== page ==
There's some misstatements and hazardous generalities here.
US copyright law declares that all original expressions of art, photos,
sound, etc. memorialized in fixed form are copyrighted. No notices,
registration, etc. are necessary. Marks and notification (e.g. "c" in a
circle) may once have been required for some kinds of protection, but no
Items created since the latest changes to the copyright law are protected
for 89 years, IIRC, for the owner or its assignee(s). Earlier creations may
have been protected for shorter periods, may have required renewal and could
be subject to other restrictions. There's a chart on the US Copyright
office web site that sets out what protections and time periods apply to
various works, based on the date of their creation (or sometimes, first
publication) and the effective date of the various enactments and amendments
to the law. Old slides or other photos may or may not be protected,
depending on how these various factors apply.
Registration is not required to validate copyright. Registration does give
the owner some important rights including a presumption of copyright
ownership, attorney's fees in successful litigation, statutory damages (no
need to prove actual damage as with unregistered works) and other legal
The US Copyright office web site has lots of accurate information about
copyright which is much more reliable than presumption or guesses about how
copyright works. Missing something important can cost a copyright violator
_lots_ of money so it's worth studying.
There are a few exceptions to copyright protection, such as "fair use." see
the Copyright web site for an explanation but recall that the definition is
vague in many areas and has often needed high-stakes litigation to resolve.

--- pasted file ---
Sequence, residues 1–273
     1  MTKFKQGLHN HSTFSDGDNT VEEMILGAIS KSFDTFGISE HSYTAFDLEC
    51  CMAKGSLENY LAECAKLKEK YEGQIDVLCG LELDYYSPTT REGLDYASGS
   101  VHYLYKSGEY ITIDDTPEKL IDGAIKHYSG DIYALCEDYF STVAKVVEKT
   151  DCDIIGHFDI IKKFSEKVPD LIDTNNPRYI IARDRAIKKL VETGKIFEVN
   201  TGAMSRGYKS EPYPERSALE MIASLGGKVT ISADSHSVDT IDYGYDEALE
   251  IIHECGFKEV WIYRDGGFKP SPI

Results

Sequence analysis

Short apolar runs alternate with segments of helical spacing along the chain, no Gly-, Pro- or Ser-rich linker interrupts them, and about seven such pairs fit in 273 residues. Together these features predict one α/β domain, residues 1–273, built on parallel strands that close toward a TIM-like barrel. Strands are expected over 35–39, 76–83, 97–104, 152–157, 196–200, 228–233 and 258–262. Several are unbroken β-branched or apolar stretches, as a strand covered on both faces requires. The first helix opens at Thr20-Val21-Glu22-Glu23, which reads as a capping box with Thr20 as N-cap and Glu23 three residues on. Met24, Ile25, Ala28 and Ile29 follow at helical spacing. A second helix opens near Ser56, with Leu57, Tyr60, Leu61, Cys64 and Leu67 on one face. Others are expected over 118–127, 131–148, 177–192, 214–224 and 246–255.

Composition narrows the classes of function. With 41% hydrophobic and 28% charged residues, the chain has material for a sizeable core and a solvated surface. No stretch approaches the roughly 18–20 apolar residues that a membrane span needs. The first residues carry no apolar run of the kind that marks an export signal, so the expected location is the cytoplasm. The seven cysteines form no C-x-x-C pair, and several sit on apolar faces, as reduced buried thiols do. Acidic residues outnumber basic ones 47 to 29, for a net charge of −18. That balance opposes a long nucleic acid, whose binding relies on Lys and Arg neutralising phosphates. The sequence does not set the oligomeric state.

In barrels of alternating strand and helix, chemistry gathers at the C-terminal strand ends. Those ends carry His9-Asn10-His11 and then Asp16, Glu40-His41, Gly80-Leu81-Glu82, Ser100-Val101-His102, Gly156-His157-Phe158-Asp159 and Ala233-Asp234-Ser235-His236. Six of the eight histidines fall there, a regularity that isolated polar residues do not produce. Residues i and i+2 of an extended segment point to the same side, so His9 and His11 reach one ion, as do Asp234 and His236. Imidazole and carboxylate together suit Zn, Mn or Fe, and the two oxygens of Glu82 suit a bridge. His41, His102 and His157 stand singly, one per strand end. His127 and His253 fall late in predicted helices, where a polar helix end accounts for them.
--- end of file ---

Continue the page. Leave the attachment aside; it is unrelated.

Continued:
This is a brief, general summary and is not legal advice. Consulting with a
copyright/intellectual property attorney is advisable before distributing
anything of doubtful status. Copyright is a very complex area and expert
help in advance can save a lot of grief--and money.
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<Once saved in this manner then....Try to find out if the slides are
copyrighted. Several sources, especially Al Chione make a lot of color
slides from the late 1930's on available over the past several decades.
Slides by Richard Kindig, Richard Jackson and others. These slides were sold
in sets. Are there any markings on the slides? Are they original slides or
copies? If original then less likely they are copyrighted.
Do you have any idea who took the slides. How many slides? The history of
the slides? Do you have any documentation dating the slides, location,
photographer? (There are many folks out here who can assist in
documentation.) Is the date on the slides? Any idea how far back they go? Or
are they all taken from around 1975?
If Copyrighted then you cannot distribute them. If not, then once scanned
they can easily be placed on a DVD and sold at a fee to cover your costs and